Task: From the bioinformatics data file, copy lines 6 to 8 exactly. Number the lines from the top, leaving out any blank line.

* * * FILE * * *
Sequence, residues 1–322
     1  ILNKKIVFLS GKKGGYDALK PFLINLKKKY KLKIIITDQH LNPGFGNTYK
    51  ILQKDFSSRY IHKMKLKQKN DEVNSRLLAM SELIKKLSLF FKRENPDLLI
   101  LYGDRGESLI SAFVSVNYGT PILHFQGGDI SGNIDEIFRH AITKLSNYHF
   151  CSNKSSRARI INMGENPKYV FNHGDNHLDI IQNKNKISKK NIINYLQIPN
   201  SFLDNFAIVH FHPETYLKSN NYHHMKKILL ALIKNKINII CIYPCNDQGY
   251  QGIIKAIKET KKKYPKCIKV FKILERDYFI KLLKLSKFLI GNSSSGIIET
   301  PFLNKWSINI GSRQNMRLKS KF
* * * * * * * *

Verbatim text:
   201  SFLDNFAIVH FHPETYLKSN NYHHMKKILL ALIKNKINII CIYPCNDQGY
   251  QGIIKAIKET KKKYPKCIKV FKILERDYFI KLLKLSKFLI GNSSSGIIET
   301  PFLNKWSINI GSRQNMRLKS KF